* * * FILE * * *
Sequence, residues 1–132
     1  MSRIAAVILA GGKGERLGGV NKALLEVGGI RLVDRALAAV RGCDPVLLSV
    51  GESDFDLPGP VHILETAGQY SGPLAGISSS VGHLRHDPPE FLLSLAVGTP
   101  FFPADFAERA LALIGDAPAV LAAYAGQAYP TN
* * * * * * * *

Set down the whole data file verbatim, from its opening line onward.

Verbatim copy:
Sequence, residues 1–132
     1  MSRIAAVILA GGKGERLGGV NKALLEVGGI RLVDRALAAV RGCDPVLLSV
    51  GESDFDLPGP VHILETAGQY SGPLAGISSS VGHLRHDPPE FLLSLAVGTP
   101  FFPADFAERA LALIGDAPAV LAAYAGQAYP TN